As stated above, the Long-Term Future Fund now has over $1 million unallocated, and the EA Community Fund $600k. Whether its viewed as hundreds of thousands of dollars more, or an increase in nearly 200% in the size of funds, in the last several months, these funds have ballooned in size while quietly going back on the impression effective altruists were given on what the funds would be used for. On Henry’s first post concerning the infrequent grants from (at the time, all) the EA Funds, I commented the following:
I’ve received feedback from multiple points in the community the EA Funds haven’t been as responsive in as timely or as professional a manner as some would prefer. It appears a factor for this is that the fund managers are all program officers at the Open Philanthropy Project, which is a job which from the fund managers’ perspective is most of the time more crucial than anything that can be done with the EA Funds. Thus, doing a more than full-time work-equivalent(?… I don’t know how much Open Phil staff work each week) may mean management of the EA Funds gets overlooked. Ben West also made a recent post in the ‘Effective Altruism’ Facebook group asking about the EA Funds, and the response from the Centre for Effective Altruism (CEA) was they hadn’t had a chance to update the EA Funds webpage with data on what grants had been made in recent months.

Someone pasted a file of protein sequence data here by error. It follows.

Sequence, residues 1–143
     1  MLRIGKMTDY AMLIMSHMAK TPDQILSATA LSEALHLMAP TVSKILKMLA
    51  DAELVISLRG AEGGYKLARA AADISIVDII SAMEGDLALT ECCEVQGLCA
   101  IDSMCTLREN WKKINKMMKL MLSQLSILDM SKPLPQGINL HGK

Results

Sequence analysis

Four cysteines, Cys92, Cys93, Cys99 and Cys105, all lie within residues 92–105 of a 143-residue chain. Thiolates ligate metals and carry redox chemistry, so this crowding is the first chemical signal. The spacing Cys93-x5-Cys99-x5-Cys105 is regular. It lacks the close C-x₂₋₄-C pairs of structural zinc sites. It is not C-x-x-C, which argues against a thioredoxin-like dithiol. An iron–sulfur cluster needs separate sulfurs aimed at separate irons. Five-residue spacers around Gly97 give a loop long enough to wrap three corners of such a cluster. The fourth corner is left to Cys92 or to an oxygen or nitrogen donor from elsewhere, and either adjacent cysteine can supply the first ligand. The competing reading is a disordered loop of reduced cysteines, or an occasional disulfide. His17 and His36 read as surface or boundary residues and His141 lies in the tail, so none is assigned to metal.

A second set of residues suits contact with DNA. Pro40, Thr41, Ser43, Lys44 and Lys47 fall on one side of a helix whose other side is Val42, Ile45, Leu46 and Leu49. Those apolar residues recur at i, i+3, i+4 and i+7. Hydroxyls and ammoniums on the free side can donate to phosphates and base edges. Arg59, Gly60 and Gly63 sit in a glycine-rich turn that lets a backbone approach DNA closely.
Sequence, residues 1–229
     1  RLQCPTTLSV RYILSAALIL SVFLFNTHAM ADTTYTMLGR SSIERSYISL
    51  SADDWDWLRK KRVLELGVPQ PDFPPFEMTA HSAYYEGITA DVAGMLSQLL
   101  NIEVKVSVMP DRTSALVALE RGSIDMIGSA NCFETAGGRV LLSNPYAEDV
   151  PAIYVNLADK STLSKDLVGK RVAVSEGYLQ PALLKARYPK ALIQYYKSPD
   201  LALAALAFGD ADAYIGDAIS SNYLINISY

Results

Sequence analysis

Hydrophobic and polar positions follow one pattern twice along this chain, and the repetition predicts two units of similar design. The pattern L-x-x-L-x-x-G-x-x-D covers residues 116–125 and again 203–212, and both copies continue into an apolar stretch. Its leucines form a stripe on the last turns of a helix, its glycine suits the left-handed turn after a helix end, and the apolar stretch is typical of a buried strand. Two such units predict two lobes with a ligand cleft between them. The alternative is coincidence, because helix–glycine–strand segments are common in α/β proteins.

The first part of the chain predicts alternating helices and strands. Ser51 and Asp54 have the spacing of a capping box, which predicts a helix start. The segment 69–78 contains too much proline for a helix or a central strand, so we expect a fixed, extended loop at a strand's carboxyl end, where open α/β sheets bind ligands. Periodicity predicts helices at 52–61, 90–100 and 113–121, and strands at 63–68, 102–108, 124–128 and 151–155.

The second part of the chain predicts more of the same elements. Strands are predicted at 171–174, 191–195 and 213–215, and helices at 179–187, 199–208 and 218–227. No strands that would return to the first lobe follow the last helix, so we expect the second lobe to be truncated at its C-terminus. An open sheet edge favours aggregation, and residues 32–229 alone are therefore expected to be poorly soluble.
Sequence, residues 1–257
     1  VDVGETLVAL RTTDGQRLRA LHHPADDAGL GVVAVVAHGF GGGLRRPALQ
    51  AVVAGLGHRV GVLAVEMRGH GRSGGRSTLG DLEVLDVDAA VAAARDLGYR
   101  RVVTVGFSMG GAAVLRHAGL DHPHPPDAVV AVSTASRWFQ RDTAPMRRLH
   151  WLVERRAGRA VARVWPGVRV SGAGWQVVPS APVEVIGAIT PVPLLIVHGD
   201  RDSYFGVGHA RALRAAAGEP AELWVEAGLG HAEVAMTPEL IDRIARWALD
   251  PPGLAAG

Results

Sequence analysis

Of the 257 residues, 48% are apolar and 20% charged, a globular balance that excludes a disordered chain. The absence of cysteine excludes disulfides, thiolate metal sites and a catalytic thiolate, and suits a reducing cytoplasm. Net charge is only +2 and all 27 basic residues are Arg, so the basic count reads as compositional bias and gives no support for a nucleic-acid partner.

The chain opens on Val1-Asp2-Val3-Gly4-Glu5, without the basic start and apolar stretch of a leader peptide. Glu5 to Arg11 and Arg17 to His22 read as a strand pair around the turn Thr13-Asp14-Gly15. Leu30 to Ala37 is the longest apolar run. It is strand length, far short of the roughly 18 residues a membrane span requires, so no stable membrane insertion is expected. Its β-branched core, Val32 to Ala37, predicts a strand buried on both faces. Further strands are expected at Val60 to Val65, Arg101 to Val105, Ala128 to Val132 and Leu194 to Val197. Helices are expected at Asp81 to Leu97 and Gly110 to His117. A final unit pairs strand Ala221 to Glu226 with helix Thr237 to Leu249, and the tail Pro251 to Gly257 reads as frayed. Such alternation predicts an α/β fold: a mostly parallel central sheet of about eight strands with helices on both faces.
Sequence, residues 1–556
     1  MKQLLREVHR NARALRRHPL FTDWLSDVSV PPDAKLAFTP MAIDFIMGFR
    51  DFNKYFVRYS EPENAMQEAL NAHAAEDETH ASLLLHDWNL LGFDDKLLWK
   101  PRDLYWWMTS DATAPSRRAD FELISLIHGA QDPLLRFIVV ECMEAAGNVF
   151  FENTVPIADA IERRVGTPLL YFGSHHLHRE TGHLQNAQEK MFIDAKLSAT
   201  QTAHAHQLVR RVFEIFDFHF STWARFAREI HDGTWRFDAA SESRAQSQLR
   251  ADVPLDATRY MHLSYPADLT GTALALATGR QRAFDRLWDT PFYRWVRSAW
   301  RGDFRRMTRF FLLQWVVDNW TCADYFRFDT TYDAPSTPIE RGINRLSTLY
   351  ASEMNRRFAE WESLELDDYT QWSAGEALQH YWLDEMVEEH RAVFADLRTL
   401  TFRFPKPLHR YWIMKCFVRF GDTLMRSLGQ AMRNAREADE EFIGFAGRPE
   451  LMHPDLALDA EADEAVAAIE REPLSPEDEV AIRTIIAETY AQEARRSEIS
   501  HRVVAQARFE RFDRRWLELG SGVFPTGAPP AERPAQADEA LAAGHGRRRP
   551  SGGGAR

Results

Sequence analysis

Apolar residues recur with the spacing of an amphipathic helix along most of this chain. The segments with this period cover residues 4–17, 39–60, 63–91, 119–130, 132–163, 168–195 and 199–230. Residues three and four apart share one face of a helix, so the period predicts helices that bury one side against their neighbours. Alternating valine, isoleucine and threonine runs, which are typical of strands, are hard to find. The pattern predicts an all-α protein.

Given that at the current level of funding, the EA Funds aren’t being mismanaged, but rather are being more neglected than donors and effective altruists would like, I’d say it might already be time to assign more managers to the fund. Picking Open Phil program officers to run the funds was the best bet for the community to begin with, as they had the best reputation for acumen going in, but if in practice in turns out Nick, Elie and Lewis only have enough time to manage grants at Open Phil (most of the time), it’s only fair to donors CEA assign more fund managers to the fund. What’s more, I wouldn’t want the attention of Open Phil program officers to be any more divided than it need be, as I consider their work more important than the management of the EA Funds as is.